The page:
Fairfield to tackle signage
(11/18) The Fairfield Borough Planning Commission directed county planning services to review borough sign requirements, particularly those applicable to the historic district, and residence and business street
Over the past number of years, non-conforming signs that do not meet the borough’s existing sign requirements have cropped up along Main Street.
Borough Zoning Officer Francis Cool, also member of the planning commission, noted at the commission’s November 14 meeting that he counted 14 business signs in the borough that did not meet signage requirements.
Of those, he said, eight predated the rules, while the remaining six got through the system without conforming with the strict letter of the law, apparently the product of lax enforcement or the regulations not being
properly applied, especially regarding signage in the historic district.
To ensure that future signage in the historic district (or village core) meet historically acceptable standards, the planning commission directed county Planner Rob Thaeler at their meeting to review the array of
existing signs and develop some new guidelines.
Regarding the half dozen that slipped through the cracks, borough Councilman Carroll Smith, also a member of the planning commission, suggested those owners be notified that the requirements will be enforced if the
non-conforming signs are ever altered or if the businesses change ownership.
Additionally, planning commission Chairman Dave Metz suggested that standards relating to house and business address numbering also be evaluated.
Business will need use change
A flower and craft business located at 202 East Main Street, Fairfield Borough, may soon be moving to a new facility.
According to Borough Zoning Officer and planning commission member Francis Cool, Back the Alley, a business operated by Joe Bolin, may be moving to 119 West Main Street, a building which has previously served as a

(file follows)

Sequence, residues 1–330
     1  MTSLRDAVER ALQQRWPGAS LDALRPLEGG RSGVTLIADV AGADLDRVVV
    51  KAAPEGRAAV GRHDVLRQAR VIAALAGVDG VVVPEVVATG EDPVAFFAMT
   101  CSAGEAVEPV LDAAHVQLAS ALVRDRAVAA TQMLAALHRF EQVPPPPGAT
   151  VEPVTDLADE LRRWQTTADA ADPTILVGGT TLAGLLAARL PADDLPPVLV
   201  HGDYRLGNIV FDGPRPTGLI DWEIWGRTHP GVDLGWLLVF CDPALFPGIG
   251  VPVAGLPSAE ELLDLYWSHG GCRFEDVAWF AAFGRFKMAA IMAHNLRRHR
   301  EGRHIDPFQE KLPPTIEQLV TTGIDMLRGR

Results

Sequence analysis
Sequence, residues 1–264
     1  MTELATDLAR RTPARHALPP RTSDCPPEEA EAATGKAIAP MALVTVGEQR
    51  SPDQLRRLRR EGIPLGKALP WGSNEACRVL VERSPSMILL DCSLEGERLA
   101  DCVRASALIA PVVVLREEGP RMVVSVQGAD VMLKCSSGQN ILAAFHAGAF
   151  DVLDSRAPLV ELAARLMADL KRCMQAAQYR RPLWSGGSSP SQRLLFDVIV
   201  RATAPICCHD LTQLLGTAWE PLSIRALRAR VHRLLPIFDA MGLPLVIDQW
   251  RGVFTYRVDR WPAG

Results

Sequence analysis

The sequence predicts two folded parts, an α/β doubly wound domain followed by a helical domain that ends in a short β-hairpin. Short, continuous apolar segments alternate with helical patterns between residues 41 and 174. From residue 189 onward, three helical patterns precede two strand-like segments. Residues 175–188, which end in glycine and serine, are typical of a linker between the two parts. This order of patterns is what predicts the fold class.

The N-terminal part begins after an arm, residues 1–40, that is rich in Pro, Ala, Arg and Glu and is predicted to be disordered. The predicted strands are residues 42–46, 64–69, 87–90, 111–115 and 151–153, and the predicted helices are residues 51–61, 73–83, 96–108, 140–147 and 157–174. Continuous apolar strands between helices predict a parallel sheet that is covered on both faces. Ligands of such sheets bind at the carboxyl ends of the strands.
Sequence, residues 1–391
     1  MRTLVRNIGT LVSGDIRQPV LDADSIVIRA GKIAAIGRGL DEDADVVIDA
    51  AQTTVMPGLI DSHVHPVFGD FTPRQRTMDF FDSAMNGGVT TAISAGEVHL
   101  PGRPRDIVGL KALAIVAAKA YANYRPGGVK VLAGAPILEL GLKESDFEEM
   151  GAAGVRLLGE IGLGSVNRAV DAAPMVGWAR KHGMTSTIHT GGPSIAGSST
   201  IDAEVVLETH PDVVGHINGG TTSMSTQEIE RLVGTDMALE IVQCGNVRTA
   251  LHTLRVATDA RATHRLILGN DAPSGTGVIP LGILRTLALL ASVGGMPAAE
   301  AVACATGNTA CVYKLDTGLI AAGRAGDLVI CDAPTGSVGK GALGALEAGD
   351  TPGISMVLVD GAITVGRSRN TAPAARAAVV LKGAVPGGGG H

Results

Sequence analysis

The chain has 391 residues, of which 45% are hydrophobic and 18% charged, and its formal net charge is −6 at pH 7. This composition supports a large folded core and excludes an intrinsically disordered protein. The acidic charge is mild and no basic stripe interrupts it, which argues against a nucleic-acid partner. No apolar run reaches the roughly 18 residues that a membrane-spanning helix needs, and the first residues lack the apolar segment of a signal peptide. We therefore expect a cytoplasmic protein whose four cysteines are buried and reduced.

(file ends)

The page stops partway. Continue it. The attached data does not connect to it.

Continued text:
Bolin was expected to close on the property by the end of November.
Cool stated at the November 14 meeting of the Fairfield Borough Planning Commission that Bolin will need to apply for a change-of-use permit once the former residence is acquired for business use.
Fairfield county runoff changes adopted
County Planner Rob Thaeler informed the Fairfield Borough Planning Commission at their November 14 meeting that the majority of comments made by the commission regarding proposed rules to govern county storm water
management were adopted by the county.
Thaeler stated at the October 10 borough Planning Commission meeting that the county is seeking to reduce the impact the Monocacy Plan rules were having on small property owners and developers as the result of
excessive, Monocacy Plan-driven engineering requirements.
The main difference between the existing Monocacy Plan rules, and that which the county has proposed, primarily changes the permitting process to ease engineering expenses, especially on small property owners looking
to build a simple structure, such as a garage.
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